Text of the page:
One of the wonderful things about the Internet is the capacity to share information quickly and with a lot of people.
Conversely, one of the big problems with the Internet is people with malicious internet obtaining your confidential information. Everyone from the ‘Big Brother’ of Facebook, Google and others watching everything we do to scammers trying to steal from us.
Here are some actions you can consider to protect your online security
Have up to date anti-virus and anti-malware on all of your computer devices
Don’t give out information that you don’t want scammers to have, unless you are sure of the person or website you are giving it to.
Be careful – if something looks too good to be true then it’s likely to be a scam
Never click on a link or open an attachment unless you are sure it is safe
Avoid public WI-FI if you intend to access online banking or anything else that needs to be secure.
There are a number of things you can do to make your website browsing more private and safer.
Use the privacy/incognito mode
Block web activity trackers
Block your ads
Use encrypted messengers
Get a VPN
Avoid non-https:// websites for input of confidential information
Doxing means to analyse information posted online by someone in order to identify and later harass that person. It is typically used to shame or punish people who would rather stay anonymous, because of their controversial beliefs or because they are making trouble in some way.
Doxing can be called a cyber attack involving uncovering the real-world identity of an Internet user. The attacker then reveals that person’s details online. This can then lead to other people attacking the ‘victim’ online and this can be malicious.
However much we may wish to hide out r identity online, we all leave a trail of breadcrumbs that the determined investigator can use to try to find out our real identity.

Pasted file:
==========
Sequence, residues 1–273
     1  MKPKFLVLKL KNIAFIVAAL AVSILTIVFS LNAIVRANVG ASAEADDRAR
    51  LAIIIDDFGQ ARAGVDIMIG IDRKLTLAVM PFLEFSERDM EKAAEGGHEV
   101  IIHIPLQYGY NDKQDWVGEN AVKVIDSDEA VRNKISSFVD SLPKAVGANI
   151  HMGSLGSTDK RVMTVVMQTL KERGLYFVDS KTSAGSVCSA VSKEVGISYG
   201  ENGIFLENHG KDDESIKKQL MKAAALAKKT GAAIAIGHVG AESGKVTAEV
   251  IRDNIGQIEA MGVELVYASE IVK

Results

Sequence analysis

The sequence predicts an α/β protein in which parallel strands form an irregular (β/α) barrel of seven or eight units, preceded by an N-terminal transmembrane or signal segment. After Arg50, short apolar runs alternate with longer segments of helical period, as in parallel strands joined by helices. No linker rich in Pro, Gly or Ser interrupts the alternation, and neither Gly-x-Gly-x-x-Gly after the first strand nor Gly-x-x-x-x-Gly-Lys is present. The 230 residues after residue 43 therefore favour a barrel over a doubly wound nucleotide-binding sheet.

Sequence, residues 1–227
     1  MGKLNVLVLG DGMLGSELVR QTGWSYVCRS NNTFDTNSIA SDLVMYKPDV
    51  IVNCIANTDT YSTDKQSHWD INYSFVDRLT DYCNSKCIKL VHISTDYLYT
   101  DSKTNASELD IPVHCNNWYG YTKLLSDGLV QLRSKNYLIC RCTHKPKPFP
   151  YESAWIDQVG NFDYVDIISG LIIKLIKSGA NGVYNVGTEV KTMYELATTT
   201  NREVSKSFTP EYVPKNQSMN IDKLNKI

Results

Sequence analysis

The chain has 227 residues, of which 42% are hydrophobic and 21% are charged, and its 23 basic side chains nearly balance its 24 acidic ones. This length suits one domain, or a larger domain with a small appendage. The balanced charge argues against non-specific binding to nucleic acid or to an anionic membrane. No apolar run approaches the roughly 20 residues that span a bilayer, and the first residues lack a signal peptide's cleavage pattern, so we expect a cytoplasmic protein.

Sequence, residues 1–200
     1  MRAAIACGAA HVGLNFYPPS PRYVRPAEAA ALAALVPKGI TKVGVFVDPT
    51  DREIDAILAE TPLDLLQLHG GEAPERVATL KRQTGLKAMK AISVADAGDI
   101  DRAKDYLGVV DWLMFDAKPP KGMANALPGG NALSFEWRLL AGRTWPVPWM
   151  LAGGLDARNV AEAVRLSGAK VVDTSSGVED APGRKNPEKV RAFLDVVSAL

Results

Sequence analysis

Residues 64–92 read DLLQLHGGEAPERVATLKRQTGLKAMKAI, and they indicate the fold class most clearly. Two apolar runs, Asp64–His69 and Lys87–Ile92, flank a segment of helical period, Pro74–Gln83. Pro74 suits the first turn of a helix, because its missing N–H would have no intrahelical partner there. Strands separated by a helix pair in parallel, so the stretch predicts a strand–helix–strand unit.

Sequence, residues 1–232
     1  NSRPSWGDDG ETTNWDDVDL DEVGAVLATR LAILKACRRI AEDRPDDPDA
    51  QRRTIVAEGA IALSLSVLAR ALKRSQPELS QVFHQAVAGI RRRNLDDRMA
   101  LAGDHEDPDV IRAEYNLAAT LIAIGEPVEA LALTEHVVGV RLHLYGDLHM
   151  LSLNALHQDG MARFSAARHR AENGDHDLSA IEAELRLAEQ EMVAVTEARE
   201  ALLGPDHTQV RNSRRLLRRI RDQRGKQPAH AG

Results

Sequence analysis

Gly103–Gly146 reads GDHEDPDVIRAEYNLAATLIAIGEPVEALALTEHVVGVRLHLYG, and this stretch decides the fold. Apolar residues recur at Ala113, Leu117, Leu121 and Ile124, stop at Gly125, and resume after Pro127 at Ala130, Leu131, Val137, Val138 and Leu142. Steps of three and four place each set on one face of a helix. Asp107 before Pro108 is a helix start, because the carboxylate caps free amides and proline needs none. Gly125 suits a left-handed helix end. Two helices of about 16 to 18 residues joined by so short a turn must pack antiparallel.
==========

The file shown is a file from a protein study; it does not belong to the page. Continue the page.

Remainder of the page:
Typical methods used to determine someone’s identity may include:–
searching publicly available databases
searching social media websites
The key point of doxing is to find and publish personal information about the victim but it can be done for a wide range of reasons, including: harassment, online shaming, extortion or vigilantism.
Newsweek writer Leah McGrath Goodman revealed the identity of the anonymous creator of Bitcoin, Satoshi Nakamoto although she was heavily criticized by some for her actions.
Some believe a journalist using doxing is crossing the legal line into harassment, by publishing information about an individual’s private life against their wishes.
The Des Moines Register published racist tweets made by a 24-year-old Iowa man whose beer sign on ESPN College GameDay resulted in over $1 million in contributions to a children’s hospital, readers retaliated by sharing social media comments previously made by the reporter, Aaron Calvin, which contained racial slurs and condemnation of law enforcement.
The newspaper later announced that Calvin was no longer an employee.
3. In July 2016, WikiLeaks released 300,000 e-mails called the Erdoğan emails (named after the Turkish leader). However, Included in the leak was a lot of personal information about Turkish citizens. The files were removed due to privacy concerns, as they included spreadsheets of private, sensitive information of voters.